Boot Reflected

I’m writing 31 Days of Personal Beauty, even if it takes me until October to finish it.

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At The Club

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On Sunday night, the club I used to frequent had its 20th anniversary party.

I missed going because my car decided to quit and I had to bring my mother’s car back with me, and Mama’s car doesn’t go to the club. 

But car issues can’t stop my nostalgia. 

Margat and I used to be regulars at the Lizard Lounge’s goth night.  It’s called The Church.  When we first started going, I experienced Good Baptist Girl Guilt from attending a place that clearly was subverting the term “church” in less-than-holy ways. But that didn’t stop me.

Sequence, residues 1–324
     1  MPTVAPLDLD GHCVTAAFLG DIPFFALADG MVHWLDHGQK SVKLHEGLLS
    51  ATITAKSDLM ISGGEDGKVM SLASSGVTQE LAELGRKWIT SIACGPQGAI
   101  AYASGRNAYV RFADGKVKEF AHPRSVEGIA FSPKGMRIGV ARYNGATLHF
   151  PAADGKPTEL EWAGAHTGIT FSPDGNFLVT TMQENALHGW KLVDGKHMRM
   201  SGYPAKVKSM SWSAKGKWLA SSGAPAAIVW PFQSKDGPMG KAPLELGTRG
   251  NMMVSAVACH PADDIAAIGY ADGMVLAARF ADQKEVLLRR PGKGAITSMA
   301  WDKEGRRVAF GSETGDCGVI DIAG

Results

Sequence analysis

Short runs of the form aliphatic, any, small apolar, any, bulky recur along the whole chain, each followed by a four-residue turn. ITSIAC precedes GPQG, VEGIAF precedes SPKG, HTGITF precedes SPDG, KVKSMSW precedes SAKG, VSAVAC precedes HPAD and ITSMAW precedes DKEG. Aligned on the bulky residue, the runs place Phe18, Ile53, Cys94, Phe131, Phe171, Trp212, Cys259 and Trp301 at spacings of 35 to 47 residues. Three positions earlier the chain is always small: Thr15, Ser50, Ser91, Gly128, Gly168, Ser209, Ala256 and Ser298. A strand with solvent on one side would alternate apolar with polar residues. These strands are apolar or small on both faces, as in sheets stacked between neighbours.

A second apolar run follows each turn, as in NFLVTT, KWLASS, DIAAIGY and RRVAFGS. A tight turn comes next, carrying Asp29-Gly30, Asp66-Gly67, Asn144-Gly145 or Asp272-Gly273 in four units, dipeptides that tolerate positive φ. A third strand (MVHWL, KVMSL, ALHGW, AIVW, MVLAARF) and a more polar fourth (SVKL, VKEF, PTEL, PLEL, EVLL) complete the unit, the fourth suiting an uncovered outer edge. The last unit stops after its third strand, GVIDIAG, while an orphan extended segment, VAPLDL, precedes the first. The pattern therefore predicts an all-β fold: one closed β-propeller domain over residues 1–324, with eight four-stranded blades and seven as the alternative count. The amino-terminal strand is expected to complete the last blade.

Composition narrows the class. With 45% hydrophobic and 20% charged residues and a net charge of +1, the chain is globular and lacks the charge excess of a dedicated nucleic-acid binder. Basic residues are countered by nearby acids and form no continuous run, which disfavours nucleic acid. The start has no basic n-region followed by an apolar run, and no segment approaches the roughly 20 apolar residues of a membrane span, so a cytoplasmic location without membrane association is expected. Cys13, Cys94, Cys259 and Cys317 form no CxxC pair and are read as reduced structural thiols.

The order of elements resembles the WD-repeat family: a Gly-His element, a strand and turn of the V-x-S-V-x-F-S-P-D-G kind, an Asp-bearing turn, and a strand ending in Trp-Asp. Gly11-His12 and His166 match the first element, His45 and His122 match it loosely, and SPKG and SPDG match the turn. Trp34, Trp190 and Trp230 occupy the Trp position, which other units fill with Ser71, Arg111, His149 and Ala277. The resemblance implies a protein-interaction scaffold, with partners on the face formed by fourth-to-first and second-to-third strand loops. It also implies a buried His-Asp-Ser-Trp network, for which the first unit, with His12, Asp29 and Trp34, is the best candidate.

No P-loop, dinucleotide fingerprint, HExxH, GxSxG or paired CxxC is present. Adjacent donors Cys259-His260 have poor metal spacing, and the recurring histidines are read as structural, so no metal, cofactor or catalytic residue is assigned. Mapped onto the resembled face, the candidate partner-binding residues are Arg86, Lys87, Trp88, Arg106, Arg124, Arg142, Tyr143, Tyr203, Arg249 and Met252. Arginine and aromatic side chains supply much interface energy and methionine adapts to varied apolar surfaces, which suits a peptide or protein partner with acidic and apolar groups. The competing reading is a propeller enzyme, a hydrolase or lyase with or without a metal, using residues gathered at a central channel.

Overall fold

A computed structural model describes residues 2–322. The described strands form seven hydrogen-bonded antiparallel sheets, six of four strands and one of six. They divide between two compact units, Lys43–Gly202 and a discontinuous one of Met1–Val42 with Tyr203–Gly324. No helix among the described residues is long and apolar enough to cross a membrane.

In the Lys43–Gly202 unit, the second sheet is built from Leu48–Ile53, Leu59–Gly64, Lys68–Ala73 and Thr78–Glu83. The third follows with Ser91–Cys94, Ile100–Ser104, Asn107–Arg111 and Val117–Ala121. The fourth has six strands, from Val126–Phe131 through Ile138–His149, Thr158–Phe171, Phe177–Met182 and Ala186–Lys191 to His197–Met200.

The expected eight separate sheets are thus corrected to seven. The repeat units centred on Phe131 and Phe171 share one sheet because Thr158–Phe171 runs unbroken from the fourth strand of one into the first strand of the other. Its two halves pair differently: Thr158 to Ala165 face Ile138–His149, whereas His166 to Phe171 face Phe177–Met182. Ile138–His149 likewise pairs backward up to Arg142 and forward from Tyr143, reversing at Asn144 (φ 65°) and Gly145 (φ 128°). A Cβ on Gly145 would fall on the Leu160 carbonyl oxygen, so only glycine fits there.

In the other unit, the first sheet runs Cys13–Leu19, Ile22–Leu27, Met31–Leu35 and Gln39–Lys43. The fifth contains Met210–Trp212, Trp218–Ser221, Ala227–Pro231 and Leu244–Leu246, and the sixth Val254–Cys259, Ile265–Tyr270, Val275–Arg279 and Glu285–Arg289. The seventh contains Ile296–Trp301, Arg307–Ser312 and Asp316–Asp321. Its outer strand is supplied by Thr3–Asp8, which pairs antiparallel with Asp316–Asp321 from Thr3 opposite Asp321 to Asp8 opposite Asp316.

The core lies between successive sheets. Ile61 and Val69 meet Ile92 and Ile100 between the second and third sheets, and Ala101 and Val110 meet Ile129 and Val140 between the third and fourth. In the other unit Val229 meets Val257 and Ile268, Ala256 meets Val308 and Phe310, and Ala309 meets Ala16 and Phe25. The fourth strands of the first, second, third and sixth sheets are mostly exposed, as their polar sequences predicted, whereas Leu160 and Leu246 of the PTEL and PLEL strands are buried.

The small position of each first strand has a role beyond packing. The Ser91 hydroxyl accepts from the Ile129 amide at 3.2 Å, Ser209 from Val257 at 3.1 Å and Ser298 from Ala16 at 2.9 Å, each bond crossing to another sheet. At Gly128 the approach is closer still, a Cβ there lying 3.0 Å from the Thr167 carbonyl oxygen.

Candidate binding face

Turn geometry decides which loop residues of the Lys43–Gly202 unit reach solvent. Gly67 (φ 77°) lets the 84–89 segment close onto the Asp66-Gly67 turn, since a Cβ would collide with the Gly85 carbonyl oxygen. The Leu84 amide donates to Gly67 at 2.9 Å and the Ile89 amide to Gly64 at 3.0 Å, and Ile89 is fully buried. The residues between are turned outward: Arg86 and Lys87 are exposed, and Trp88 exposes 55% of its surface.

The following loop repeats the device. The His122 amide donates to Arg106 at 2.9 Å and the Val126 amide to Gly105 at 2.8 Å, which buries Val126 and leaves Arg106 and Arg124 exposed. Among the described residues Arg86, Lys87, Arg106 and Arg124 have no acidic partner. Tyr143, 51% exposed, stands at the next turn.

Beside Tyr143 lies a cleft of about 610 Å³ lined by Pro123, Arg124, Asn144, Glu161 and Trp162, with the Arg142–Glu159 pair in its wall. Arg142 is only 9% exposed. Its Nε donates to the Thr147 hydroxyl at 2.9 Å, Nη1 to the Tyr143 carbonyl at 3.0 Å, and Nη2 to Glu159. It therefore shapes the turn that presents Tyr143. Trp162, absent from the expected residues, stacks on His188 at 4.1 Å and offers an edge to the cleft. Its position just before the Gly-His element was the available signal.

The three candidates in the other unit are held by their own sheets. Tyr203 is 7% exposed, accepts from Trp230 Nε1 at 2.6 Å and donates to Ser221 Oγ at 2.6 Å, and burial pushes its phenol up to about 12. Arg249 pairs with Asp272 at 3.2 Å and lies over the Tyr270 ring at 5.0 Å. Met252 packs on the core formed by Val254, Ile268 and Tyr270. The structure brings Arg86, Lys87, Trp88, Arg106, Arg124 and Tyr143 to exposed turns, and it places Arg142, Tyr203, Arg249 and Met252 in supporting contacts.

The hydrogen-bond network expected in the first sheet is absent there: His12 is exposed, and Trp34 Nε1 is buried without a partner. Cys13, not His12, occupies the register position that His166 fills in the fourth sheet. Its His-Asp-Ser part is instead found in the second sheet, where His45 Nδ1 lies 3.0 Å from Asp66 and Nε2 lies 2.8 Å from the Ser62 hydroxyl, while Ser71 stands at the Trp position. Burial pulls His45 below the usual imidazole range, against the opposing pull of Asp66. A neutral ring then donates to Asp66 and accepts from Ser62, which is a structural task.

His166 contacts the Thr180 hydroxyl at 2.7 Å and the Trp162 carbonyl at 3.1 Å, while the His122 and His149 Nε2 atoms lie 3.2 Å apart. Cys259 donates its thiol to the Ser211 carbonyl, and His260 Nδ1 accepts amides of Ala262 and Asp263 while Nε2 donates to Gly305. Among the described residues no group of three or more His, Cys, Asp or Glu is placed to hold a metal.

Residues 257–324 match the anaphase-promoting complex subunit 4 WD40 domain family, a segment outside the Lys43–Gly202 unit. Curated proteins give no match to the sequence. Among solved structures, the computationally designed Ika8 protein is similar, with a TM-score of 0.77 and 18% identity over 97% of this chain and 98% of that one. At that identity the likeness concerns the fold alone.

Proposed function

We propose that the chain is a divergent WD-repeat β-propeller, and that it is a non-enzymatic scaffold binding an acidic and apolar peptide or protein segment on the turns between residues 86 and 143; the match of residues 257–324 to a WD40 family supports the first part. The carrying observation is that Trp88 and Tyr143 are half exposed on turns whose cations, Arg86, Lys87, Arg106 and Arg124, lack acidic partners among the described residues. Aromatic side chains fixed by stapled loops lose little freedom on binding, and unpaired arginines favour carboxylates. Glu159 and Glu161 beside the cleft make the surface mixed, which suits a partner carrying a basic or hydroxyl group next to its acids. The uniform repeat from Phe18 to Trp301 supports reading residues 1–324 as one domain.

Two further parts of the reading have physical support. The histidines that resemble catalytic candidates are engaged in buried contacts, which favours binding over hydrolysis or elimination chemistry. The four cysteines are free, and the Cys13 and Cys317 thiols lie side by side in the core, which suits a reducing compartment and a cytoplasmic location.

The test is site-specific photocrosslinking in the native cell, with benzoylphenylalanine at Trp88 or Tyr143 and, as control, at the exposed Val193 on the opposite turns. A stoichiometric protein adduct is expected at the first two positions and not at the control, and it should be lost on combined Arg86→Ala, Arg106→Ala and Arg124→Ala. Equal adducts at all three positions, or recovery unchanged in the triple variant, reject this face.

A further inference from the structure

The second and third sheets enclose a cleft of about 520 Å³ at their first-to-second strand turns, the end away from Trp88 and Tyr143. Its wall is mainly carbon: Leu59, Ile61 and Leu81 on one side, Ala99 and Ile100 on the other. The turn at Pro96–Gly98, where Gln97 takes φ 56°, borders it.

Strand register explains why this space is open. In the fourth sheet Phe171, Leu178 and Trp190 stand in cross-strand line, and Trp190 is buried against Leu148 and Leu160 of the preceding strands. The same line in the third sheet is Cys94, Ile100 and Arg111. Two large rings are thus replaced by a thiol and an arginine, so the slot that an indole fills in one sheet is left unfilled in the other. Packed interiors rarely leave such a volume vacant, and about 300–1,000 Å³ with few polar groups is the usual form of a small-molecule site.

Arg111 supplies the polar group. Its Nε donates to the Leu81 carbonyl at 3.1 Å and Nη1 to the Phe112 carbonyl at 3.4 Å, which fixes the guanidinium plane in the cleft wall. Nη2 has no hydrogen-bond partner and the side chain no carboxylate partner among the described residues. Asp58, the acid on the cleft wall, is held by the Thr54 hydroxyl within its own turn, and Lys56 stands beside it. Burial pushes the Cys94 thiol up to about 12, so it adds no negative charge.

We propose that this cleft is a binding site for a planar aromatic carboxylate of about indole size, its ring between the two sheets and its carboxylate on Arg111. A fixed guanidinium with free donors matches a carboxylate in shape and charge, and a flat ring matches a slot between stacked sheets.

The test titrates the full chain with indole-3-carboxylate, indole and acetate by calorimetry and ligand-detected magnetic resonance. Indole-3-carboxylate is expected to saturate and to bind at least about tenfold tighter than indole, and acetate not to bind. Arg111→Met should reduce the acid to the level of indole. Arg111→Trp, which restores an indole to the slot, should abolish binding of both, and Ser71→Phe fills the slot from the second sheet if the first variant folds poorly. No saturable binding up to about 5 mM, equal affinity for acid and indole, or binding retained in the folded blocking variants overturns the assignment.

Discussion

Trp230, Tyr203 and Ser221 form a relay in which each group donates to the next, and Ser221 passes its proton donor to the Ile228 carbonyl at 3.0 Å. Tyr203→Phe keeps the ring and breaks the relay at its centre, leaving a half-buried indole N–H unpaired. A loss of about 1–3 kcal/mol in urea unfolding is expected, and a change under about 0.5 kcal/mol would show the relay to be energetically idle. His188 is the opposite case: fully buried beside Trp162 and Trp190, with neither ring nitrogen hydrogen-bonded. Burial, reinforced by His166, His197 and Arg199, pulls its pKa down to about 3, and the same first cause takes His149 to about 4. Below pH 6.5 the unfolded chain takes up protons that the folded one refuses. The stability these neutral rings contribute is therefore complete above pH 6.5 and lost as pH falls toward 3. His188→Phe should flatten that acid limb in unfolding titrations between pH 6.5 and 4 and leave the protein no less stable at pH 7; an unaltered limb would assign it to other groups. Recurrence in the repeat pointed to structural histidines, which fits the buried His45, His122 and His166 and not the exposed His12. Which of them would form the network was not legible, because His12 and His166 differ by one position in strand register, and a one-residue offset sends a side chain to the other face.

Also, I got over that guilt pretty quickly because:

  1. Um…they kind of have a point. And I appreciate that they’re upfront about it.
  2. Good bartenders.  Goooood bartenders.  
  3. The Church creates an atmosphere that recognizes and respects beauty.

I feel beautiful there.

I wear the lipstick that I like, which is darker than beauty professionals have decreed that I *should* wear. I wear black eyeliner, even though I have been told that I really *should* wear brown. I wear dresses that are more sheer than they *should* be, as well as skirts and corsets that are more revealing than they *should* be. I often wear things that don’t compliment (read: cover up…because as it turns out, they compliment it just fine) my body type. Sometimes I wear bright colors; most of the time I go in all black, even though I’ve been told my skin is too pale to wear all black. When I go to the club, I actually dress the way I feel most beautiful, not the way I’ve been informed that beauty is supposed to look. And unlike every other place in my life, The Church recognizes it and celebrates it as beauty, too.